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Rail­way em­ployee doesn’t know if he can dine with his wife dur­ing hol­i­day

China Daily (Hong Kong) - - FRONT PAGE - By HOU LIQIANG houliqiang@chi­

Yang Jingx­ing and his wife Li Yawen started work­ing for the Xi’an Rail­way Bureau as rail­way main­te­nance work­ers in 1980 and got mar­ried in 1985.

Since 2002, how­ever, Yang has never en­joyed Spring Fes­ti­val at home, even when his wife was bedrid­den for al­most four years af­ter a car ac­ci­dent in 2011.

Yang be­came di­rec­tor of the bureau’s Huashan work­shop — more than 100 kilo­me­ters from Xi’an — in 2014 and he could get back home only twice a month.

Yang car­ried his wife to his work site, but in­stead of it af­fect­ing his job, his team of more than 100 work­ers were praised as the best in the bureau for two years. Mean- while, he helped his wife walk again.

In Huashan work­shop, Yang has to get up around 4 am to get pre­pared to pa­trol a 40-kilo­me­ter stretch of rail­way.

“The trains don’t run for about two hours and we have to make full use of the time. From 4:30 pm to 6:30 pm, we have to do the work again,” he said.

It doesn’t nec­es­sar­ily mean that they don’t work at other times.

“The rail­way sys­tem is man­aged in a very strict way. We have to an­a­lyze the mal­func­tion­ing equip­ment and fig­ure out who should be re­spon­si­ble for the prob­lem,” he said, adding his work leaves him only about seven hours for sleep.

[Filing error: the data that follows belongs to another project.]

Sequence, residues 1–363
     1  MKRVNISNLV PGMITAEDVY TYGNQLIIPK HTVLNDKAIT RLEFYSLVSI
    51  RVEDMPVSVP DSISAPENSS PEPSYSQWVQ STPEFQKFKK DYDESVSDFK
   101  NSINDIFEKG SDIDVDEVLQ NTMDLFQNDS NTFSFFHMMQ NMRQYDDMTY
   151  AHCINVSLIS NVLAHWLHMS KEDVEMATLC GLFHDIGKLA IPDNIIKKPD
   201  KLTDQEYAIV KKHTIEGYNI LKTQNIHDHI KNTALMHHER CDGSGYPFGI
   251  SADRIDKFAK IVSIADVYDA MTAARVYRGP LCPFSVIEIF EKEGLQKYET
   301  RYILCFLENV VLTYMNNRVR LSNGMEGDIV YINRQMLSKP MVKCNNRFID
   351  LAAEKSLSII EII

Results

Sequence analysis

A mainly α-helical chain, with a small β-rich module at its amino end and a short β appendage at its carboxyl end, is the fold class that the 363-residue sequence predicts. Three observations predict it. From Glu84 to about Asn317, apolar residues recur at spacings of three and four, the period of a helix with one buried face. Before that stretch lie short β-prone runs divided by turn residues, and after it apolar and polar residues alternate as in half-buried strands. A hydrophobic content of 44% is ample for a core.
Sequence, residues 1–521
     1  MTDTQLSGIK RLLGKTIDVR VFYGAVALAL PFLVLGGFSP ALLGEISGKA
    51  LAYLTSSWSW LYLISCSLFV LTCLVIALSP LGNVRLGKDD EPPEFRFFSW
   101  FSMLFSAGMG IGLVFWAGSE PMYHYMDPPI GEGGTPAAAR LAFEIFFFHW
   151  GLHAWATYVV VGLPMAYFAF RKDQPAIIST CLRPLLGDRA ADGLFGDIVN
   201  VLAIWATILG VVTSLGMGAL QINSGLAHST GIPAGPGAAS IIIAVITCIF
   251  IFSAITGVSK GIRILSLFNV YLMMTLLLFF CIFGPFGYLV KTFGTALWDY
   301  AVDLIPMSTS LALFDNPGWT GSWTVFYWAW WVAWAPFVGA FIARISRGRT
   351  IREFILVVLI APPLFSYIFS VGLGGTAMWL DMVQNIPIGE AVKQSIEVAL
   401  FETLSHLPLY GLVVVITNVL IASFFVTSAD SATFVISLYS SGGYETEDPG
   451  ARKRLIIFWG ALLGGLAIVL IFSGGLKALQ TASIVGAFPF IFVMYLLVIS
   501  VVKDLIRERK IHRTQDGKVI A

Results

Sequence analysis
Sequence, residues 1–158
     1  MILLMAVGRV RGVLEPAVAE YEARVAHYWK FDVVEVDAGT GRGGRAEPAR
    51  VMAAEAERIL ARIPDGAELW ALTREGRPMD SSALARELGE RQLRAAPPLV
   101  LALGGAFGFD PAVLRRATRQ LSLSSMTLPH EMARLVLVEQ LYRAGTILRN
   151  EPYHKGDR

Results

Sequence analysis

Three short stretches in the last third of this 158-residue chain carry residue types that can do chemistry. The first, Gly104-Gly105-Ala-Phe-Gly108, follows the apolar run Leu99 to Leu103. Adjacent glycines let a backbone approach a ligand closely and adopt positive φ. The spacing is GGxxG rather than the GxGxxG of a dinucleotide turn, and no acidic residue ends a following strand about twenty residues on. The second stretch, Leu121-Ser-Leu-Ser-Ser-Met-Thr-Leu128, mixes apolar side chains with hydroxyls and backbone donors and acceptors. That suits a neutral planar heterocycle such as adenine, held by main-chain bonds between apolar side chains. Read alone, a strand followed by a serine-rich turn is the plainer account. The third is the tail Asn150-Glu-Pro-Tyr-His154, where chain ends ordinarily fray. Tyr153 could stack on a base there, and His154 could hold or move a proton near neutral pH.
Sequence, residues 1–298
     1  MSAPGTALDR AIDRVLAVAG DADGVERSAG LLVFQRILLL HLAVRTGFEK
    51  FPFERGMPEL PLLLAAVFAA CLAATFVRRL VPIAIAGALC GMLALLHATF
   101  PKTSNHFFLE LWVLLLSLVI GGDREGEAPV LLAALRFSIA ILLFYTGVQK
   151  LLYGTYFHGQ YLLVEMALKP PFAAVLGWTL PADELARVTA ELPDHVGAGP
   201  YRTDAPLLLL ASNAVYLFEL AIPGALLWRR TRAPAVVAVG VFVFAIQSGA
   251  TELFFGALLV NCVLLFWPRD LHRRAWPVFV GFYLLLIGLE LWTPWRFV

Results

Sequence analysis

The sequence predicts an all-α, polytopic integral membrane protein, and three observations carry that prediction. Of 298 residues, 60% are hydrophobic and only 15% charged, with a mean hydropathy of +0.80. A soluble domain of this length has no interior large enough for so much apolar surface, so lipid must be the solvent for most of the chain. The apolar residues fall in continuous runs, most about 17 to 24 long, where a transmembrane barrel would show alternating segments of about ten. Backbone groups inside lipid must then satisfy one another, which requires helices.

When his wife was in hospi­tal, Yang worked even harder. Af­ter emer­gency treat­ment of 15 days, her right leg re­mained par­a­lyzed. Ev­ery day, Yang car­ried his wife on his back to the phys­i­cal ther­a­pist, and then with their legs tied to­gether he helped her re­gain the abil­ity to walk, he re­called.

“She has been try­ing to cook some sim­ple food. In the af­ter­noon, she cooks some por­ridge and then I bought some dishes from our canteen for supper. She would like me to eat bet­ter,” he said.

With the 40-day Spring Fes­ti­val travel rush that be­gan on Fri­day, Yang has to work much harder to make sure trains run un­in­ter­rupted to trans­port the large num­ber of pas­sen­gers head­ing back home for the hol­i­day.

Pressed by his work, and also be­cause of the low tem­per­a­ture in the dorm, which hurts his wife’s leg, Yang sent his wife back home.

“She told me she would like to cook some dishes to cel­e­brate Spring Fes­ti­val. But I have yet to know if her wish will get ful­filled as I usu­ally have to be on duty that day,” Yang said.


Ras­mus Larsen (cen­ter) and Dea Nielsen from Switzer­land, who are on a trip to Yun­nan prov­ince, get presents from the chief con­duc­tor of a train at Bei­jing West Rail­way sta­tion on Fri­day. The Spring Fes­ti­val travel rush started on Fri­day as hun­dreds of thou­sands of Chi­nese trav­el­ers be­gin head­ing home for cel­e­bra­tions of the Lunar New Year, which falls on Jan 28.


Yang Jingx­ing (left) and his col­leagues work on re­pair­ing a sec­tion of rail­way in Shaanxi prov­ince last year.

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